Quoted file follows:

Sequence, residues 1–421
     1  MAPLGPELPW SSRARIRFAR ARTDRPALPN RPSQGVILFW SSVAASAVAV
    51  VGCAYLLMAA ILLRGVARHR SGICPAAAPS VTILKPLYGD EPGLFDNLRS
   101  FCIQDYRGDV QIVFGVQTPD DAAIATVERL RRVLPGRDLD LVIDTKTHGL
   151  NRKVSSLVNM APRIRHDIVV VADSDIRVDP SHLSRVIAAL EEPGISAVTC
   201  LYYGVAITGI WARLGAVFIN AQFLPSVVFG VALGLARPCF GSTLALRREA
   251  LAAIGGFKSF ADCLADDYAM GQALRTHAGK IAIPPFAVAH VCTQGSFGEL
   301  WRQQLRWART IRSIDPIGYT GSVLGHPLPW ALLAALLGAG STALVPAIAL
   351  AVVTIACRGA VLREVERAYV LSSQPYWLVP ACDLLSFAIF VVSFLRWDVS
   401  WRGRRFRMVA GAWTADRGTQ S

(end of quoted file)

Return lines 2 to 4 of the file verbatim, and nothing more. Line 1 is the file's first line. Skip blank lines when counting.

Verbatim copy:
     1  MAPLGPELPW SSRARIRFAR ARTDRPALPN RPSQGVILFW SSVAASAVAV
    51  VGCAYLLMAA ILLRGVARHR SGICPAAAPS VTILKPLYGD EPGLFDNLRS
   101  FCIQDYRGDV QIVFGVQTPD DAAIATVERL RRVLPGRDLD LVIDTKTHGL